“They always think baseball is a lot harder but what they don’t realize is when you’re only 43 feet away and 38 feet when you release the ball, it’s a lot harder.”
Lorimor’s freshman year, the Knights’ qualified for state for the first time since 1970. But the last two years the Knights have come up short in districts, losing a 5-1 to Treynor in this year’s district final.
“I was very upset we didn’t make state (this year),” said Lorimor. “But going into the year I didn’t think we’d make it that far because we had such a young team and a bunch of players with not much experience. Before the year started I was looking forward to it but I just knew there would be some ups and downs. Making it that far, I was pretty happy, but I would have been a lot happy to go further.”
Next season the Knights look to return to state and will be the overwhelming favorite to win their third straight Corner Conference title. The Knights don’t lose a single player off their 26-10 squad and will have a hungry Lorimor in the circle who knows this is her last shot at state.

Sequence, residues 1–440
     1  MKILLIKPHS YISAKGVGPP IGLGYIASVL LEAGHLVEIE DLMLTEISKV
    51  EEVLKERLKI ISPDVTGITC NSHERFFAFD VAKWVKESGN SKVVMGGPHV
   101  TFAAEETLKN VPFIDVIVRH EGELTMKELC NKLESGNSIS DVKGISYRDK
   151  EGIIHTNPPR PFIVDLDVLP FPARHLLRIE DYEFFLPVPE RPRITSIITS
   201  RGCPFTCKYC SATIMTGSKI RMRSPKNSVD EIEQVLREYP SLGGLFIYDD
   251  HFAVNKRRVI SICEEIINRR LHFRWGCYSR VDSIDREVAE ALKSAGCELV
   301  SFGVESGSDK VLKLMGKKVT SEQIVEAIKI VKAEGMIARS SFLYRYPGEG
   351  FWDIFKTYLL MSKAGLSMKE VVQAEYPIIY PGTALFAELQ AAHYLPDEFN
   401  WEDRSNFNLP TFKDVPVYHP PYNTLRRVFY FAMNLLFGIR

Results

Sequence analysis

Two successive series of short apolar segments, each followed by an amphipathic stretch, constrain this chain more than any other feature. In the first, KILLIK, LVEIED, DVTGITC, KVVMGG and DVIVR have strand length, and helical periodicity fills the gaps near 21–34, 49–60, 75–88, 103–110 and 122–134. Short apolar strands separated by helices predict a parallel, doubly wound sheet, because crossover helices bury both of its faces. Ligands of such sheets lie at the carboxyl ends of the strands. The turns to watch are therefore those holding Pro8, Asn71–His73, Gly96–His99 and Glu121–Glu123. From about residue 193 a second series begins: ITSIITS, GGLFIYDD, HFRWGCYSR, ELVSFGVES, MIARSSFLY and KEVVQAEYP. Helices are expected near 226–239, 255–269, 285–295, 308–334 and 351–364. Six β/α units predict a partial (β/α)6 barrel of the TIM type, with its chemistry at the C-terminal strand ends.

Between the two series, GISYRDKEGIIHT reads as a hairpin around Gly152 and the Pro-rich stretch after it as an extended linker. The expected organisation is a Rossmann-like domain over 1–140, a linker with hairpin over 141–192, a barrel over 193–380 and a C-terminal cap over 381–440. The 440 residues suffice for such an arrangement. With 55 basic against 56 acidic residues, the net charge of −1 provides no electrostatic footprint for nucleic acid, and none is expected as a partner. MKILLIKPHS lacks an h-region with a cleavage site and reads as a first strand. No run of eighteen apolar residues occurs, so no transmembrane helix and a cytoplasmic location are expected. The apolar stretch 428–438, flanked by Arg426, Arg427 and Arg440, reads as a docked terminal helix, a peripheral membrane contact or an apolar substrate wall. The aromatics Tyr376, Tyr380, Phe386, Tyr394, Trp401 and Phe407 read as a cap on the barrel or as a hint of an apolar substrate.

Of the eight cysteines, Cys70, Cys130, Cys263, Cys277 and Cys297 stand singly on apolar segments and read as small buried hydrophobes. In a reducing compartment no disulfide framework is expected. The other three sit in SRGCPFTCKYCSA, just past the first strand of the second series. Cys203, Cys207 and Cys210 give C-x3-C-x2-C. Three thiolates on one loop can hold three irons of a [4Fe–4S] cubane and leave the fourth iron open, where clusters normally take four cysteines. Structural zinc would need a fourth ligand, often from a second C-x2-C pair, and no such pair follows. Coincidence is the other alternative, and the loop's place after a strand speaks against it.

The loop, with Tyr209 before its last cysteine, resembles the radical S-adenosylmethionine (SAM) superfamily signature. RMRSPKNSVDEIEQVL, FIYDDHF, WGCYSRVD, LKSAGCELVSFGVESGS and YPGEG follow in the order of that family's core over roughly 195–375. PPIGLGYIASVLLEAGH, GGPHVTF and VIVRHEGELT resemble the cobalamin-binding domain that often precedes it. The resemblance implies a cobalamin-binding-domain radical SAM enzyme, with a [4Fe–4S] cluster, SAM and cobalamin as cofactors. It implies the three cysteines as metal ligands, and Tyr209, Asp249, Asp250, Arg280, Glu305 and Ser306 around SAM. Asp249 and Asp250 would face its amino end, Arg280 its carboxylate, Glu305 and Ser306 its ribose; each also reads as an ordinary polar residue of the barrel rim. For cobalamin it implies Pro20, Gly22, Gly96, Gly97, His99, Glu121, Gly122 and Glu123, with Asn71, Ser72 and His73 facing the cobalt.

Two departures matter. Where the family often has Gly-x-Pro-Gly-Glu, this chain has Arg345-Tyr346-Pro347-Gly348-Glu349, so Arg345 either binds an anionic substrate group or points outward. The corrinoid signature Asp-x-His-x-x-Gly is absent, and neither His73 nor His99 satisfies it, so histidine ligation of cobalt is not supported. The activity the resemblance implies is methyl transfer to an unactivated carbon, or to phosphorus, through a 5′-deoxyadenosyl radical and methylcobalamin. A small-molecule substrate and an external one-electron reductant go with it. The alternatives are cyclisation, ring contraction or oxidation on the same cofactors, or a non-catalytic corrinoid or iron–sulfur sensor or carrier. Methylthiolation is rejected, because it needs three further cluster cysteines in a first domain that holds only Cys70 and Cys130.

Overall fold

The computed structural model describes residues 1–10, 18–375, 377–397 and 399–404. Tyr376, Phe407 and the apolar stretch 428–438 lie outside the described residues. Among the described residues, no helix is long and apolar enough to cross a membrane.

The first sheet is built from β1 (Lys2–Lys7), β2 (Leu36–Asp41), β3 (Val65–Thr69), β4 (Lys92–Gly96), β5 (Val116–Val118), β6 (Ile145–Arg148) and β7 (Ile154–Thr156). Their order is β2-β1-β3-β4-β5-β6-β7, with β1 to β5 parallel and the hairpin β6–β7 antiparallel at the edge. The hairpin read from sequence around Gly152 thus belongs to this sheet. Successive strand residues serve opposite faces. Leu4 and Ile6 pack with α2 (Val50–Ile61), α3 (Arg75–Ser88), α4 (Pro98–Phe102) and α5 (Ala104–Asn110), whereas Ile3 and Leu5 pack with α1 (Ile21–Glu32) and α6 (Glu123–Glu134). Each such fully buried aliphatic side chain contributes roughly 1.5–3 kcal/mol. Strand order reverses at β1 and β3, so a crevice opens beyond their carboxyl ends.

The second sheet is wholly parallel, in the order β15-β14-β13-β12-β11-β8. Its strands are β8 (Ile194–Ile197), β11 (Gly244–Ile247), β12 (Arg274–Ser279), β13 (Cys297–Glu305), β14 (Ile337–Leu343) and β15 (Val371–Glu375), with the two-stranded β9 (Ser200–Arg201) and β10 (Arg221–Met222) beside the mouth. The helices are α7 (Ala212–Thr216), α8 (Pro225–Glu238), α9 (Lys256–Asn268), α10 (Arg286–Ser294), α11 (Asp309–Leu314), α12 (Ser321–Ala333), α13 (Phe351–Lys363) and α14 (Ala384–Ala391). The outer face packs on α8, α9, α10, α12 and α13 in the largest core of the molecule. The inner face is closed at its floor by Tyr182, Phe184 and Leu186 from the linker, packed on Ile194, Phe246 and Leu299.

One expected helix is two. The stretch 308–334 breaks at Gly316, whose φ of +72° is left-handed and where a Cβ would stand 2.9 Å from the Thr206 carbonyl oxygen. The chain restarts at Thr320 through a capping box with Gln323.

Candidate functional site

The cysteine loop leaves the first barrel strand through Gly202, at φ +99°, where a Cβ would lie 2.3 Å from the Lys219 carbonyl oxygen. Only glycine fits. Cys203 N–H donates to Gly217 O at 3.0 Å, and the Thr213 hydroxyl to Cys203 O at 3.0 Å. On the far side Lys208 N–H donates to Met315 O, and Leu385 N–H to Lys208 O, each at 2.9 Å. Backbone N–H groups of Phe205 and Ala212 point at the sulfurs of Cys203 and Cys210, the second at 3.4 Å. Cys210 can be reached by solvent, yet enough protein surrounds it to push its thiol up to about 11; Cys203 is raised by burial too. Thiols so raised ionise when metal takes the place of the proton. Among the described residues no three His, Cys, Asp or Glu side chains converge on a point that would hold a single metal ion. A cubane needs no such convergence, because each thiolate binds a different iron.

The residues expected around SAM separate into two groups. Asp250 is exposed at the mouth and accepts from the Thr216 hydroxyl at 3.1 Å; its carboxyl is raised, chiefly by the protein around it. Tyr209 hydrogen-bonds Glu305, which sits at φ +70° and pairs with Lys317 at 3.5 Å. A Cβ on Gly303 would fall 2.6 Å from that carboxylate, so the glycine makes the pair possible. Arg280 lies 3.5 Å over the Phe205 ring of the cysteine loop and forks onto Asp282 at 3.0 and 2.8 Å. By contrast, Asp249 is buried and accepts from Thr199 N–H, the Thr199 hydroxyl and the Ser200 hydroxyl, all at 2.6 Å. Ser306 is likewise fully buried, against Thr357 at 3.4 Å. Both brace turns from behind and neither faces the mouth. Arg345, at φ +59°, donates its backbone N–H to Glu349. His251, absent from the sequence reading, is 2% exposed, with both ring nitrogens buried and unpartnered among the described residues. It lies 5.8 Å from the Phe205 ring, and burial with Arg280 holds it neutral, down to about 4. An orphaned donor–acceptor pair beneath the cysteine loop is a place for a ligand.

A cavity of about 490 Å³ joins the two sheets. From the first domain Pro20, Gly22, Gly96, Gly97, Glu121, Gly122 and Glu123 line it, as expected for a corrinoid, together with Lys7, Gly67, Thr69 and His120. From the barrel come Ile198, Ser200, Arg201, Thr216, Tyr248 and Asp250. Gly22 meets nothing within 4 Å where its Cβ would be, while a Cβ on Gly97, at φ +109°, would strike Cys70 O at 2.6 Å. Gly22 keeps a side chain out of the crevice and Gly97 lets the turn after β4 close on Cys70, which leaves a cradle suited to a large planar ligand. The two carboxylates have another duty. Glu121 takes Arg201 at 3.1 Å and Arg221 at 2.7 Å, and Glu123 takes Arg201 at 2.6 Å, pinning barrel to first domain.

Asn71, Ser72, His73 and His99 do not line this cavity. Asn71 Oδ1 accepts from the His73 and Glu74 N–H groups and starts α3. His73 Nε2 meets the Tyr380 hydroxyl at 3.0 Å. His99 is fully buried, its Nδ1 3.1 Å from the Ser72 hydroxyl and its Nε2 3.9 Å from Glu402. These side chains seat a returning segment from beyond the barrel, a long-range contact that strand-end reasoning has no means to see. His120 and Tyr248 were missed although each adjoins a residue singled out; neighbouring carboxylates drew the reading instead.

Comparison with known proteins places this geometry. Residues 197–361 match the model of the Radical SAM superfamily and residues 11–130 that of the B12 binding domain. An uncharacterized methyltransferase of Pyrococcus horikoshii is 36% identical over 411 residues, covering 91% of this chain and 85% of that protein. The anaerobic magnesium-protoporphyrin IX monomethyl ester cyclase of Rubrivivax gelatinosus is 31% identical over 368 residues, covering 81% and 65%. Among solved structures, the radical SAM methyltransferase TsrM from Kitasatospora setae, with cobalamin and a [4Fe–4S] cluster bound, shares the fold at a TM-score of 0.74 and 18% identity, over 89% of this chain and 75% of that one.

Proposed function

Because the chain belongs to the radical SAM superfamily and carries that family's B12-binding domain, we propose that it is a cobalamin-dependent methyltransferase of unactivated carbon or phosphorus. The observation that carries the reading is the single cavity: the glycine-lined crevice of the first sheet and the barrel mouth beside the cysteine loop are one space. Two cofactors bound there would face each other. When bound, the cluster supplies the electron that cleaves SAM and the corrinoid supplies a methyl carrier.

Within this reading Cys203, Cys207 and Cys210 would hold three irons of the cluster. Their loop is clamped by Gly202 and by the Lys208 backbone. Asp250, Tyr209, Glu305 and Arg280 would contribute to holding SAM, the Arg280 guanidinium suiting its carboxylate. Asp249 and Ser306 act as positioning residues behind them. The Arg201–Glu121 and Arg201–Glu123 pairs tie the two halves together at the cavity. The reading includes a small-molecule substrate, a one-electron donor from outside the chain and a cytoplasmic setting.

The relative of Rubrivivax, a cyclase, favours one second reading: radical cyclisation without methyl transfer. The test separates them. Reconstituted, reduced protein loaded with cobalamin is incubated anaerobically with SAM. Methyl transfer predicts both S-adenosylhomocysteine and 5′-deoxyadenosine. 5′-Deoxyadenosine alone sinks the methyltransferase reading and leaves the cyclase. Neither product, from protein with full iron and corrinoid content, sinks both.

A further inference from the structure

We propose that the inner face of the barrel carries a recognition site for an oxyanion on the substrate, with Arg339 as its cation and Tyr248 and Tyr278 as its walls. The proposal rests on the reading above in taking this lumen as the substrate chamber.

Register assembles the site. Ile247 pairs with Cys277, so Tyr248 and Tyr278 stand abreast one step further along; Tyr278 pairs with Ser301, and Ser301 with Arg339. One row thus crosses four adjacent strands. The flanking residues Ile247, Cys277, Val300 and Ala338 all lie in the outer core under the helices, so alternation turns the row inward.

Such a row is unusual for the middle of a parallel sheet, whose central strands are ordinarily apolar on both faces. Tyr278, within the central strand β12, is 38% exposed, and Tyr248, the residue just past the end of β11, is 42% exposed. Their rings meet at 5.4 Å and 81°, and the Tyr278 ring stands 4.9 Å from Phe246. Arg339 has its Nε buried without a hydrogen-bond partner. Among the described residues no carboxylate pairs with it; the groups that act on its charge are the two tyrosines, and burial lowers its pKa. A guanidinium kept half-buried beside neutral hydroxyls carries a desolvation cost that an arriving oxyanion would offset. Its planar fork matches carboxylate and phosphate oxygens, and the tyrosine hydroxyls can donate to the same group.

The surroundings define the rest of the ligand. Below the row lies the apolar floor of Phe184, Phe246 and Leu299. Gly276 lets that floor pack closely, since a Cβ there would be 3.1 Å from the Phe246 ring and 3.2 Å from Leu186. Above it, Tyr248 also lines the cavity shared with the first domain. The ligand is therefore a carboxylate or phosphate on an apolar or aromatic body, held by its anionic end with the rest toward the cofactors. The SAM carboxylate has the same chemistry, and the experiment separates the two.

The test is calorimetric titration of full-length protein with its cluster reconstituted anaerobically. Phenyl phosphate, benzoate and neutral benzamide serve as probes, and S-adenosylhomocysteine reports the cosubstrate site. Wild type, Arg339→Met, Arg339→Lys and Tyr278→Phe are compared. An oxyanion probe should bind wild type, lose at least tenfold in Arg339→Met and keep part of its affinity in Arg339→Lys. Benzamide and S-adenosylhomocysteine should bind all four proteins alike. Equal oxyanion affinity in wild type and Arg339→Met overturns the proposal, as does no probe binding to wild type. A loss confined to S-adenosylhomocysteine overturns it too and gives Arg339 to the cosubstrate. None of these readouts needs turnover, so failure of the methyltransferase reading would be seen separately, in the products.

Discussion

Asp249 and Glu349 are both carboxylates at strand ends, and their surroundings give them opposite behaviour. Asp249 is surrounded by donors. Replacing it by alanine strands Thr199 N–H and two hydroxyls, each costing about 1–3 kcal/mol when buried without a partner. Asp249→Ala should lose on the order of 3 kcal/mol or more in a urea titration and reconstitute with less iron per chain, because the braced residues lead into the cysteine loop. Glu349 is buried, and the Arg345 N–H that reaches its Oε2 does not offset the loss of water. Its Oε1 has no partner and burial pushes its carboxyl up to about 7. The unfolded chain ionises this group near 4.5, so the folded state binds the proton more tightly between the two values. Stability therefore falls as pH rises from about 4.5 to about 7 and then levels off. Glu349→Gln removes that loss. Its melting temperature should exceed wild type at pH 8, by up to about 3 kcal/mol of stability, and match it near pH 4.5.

“We have everybody coming back so all we can do is improve. Hopefully next year we can make it back,” she said.
As stat laden as the junior’s career has been Lorimor hardly has time to look at her own accomplishments. She wasn’t even aware she was approaching 1,000 career strikeouts until she was just a few shy of the milestone.
“My Dad told me just before the game. We had figured out if I got my average I should get it,” said Lorimor. “My Mom baked cookies and was planning a little celebration when I got but then it was a three-inning game so I didn’t get it that night.”
Lorimor eventually did surpass the 1,000 swing-and-miss mark, in a 4-0 loss to Shenandoah on June 21. She currently has 1,165 in her career. with a full season ahead of her
“A strikeout is probably the best feeling,” she said. “Other than a perfect game, strikeouts are always the best feeling.”
Lorimor would know.